Going to a concert is always exciting, isn’t it? You’re in the same physical space as the architect of your most favourable spatial vibrations. You’re on the same emotional plane as the soul that first conceived that combination of musical frequencies to reflect a particular experience. They bleed these emotions from musical and electronic instruments through multiple strategically placed speakers, into a dark, barely-ventilated, cramped hall on Mt Eden Rd with a bar, and a surprisingly well maintained toilet.

Progressive rock,  progressive metal -or simply, prog- covers a lot of ground for the specialised sub-genre of its parent rock and metal music genres it is. It’s the pinnacle of musical complexity, highly technical delivery by extremely proficient musicians, while the music is still listenable, and has a small but extremely loyal, yet highly opinionated fanbase.

A proud member of this fanbase, I arrived at Auckland’s Powerstation on a Thursday night to see the Devin Townshend Project with sleepmakeswaves as supporting act.

sleepmakeswaves is a four-piece, post-rock, instrumental act based out of Sydney. Since their unexpectedly popular demo in 2007, they’ve carved their mark on the hearts of prog fans globally, supporting their favourite metal and progressive acts the whole while.

They promptly took the stage 30 minutes after the doors opened- a welcome departure from the typical, pointless, hour-long wait at metal gigs. The 60 minute set consisted of their typical moderately paced, easy-listening yet energetically soul-lifting musical masterpieces. The songs tend to have a constantly evolving structure, with underlying motifs setting the pace and having that consistency for human minds to hold on to, lest their psyche gets blasted into the otherwise unreachable regions of the known universe sleepmakeswaves takes a listener to.

Introducing the last song, Alex Wilson (bass/synth/electronics) mentioned how sleepmakeswaves “aren’t about just creating music, they’re about creating a journey”. And I felt that was a very apt summary of the performance.

Devin Townshend has been writing, recording, producing and performing various shades of prog for a very long time. He made his big break when he appeared on guitar virtuoso Steve Vai‘s 1993 classic Sex and Religion– a revolutionary album on its own. The bar was set high from the beginning, and it has stayed there across Devin’s numerous solo, collaborative and guest efforts.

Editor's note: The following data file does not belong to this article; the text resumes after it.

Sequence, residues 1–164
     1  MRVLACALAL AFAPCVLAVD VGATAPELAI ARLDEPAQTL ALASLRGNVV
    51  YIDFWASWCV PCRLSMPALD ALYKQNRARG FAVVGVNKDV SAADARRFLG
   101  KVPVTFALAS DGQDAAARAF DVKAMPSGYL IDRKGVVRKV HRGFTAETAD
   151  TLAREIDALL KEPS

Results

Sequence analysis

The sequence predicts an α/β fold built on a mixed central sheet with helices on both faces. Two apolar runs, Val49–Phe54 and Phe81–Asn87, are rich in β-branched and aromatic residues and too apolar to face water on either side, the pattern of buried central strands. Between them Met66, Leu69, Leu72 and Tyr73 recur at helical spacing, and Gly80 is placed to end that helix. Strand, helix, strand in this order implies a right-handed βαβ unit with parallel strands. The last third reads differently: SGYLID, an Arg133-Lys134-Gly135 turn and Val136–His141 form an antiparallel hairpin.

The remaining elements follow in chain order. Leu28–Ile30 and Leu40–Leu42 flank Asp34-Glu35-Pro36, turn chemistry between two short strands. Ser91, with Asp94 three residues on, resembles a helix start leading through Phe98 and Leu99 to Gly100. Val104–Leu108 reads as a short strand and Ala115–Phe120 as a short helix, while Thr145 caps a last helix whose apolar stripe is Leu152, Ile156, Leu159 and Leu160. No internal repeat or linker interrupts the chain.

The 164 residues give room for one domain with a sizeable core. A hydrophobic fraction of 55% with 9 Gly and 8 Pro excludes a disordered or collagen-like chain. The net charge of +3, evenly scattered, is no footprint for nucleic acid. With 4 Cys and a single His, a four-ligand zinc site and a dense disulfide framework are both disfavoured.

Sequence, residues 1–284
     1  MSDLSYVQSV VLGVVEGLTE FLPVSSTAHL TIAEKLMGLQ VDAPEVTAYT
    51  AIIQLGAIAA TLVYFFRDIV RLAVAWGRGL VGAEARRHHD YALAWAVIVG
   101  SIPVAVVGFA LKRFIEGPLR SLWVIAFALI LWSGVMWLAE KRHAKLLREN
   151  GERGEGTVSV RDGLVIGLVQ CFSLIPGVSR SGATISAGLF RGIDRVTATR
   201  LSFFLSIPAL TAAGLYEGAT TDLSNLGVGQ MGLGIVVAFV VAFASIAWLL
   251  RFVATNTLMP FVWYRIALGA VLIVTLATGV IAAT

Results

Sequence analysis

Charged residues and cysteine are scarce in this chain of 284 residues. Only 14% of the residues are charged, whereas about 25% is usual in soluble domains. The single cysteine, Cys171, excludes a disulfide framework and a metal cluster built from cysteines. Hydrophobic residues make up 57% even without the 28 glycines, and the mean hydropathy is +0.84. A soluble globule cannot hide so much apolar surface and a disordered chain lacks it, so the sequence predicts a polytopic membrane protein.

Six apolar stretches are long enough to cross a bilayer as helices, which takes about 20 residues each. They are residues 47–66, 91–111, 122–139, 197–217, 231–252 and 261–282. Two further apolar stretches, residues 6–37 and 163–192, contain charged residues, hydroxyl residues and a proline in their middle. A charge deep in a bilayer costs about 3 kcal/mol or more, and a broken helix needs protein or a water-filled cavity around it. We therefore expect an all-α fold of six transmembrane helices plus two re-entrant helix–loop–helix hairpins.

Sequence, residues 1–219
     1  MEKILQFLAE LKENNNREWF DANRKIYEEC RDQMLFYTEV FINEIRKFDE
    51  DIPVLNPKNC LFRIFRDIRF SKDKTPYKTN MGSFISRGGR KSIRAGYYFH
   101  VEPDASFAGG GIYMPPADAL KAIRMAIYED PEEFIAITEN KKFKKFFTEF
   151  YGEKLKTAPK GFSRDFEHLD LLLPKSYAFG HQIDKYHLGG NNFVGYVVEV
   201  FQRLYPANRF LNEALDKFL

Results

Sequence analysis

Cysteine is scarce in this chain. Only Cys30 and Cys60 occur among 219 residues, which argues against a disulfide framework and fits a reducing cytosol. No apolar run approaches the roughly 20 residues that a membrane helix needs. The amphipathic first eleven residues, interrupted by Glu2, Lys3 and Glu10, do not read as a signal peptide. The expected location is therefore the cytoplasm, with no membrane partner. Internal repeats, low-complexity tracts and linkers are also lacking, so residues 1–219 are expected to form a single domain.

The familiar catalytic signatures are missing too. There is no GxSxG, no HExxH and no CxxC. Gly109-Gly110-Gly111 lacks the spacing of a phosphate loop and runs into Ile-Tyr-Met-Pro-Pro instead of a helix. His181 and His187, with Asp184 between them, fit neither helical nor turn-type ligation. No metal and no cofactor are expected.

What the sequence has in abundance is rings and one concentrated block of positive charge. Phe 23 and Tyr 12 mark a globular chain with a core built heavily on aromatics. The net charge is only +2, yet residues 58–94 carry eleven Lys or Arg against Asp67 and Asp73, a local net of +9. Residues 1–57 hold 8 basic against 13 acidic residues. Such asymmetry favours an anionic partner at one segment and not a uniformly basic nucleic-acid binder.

If sleepmakeswaves was the journey, Devin Townshend Project (DTP) was the destination. The Ziltoid intro track cut abruptly. “Hi my name is Devin and I am not jetlagged!”, he screamed in his distinctive Canadian accent as the band ripped into Rejoice.

Devin’s music is grandiose, complex, feels less like instruments playing in conjunction with each other, and more like aural paintbrushes swishing across a musical canvass creating a vast soundscape. Mind you, I’m aware this is not typically how one would describe metal, especially when it’s played in the low, rumbling recesses of Open-C and Open-B tuning (relatively very low pitched guitars and bass, for those not familiar with stringed instruments in metal).

Devin was one of the first to embrace electronic sounds in a musical space typically inhabited by aggressive growling vocals, and blistering guitar solos. That’s not to say he isn’t extremely comfortable with healthy doses of the traditional elements. With a vocal range spanning over 5 octaves, he exhibits a highly respectable level of control at every note across it! His vocals entreat you to a smorgasbord of styles from clean passages to those angry trademark growls and screams, and all the way back to falsetto even!

As the band played through songs from Devin’s numerous projects -“Here’s another song from over 30 records, because we’re old”, he seemed to possess an endless supply of energy, and a level of “only partially crippling” self-awareness to match. Perhaps the jetlag was causing this “moose riding”, fellow commonwealth citizen to speak his thoughts out loud. But it kept the momentum up in between tracks.

The steady stream of comments about the not-so-steady flow of phlegm stuck in his throat stopped when Devin blew his nose on stage. He didn’t even apologise for it, which I felt was very un-Canadian of him, but I let it pass. I’ll also let “something, something, lyrics” pass. The man’s verbal menu for a given night can be extremely intellectually demanding, so guys, give him a break!

He had it all, man… heavy, angry, ‘I want to punch something’ tunes, to slow groovy lines, and love songs – when the audience was asked to get their lighters out- and a treat from the fan favourite Ziltoid concept album.

Devin blatantly mocked the pointlessness of an ‘encore’: pointed out that he’ll do one anyway, so we can all have a pretend last song. Because the band needs to go away for a disguised 5 minute break, while the audience screams for more as the band, “desperate for the audience’s validation” picks up their energy levels, as their sense of self worth rises just enough to bring them back to the stage for another 3 songs.

The show concluded with Higher from DTP‘s Transcendence.Devin engaged the audience with the classic “YEAH!” three times, as he slung his guitar aside and beckoned the que with large movements of his right hand across the stage. I had just witnessed a prodigy, a genius, and a true rockstar.

As if the intense musical experience wasn’t enough, Devin Townshend‘s parting advice was equally profound: “Drink plenty of water, call your folks, work hard and have a good week”! Not your typical metal show huh?

I’m glad DTP performed in Auckland “just as a rehearsal for subsequent Australian shows”, so for those of you across the ditch, don’t miss out, this is worth paying for!







Where We Belong


Ziltoid Goes Home


March Of The Poozers






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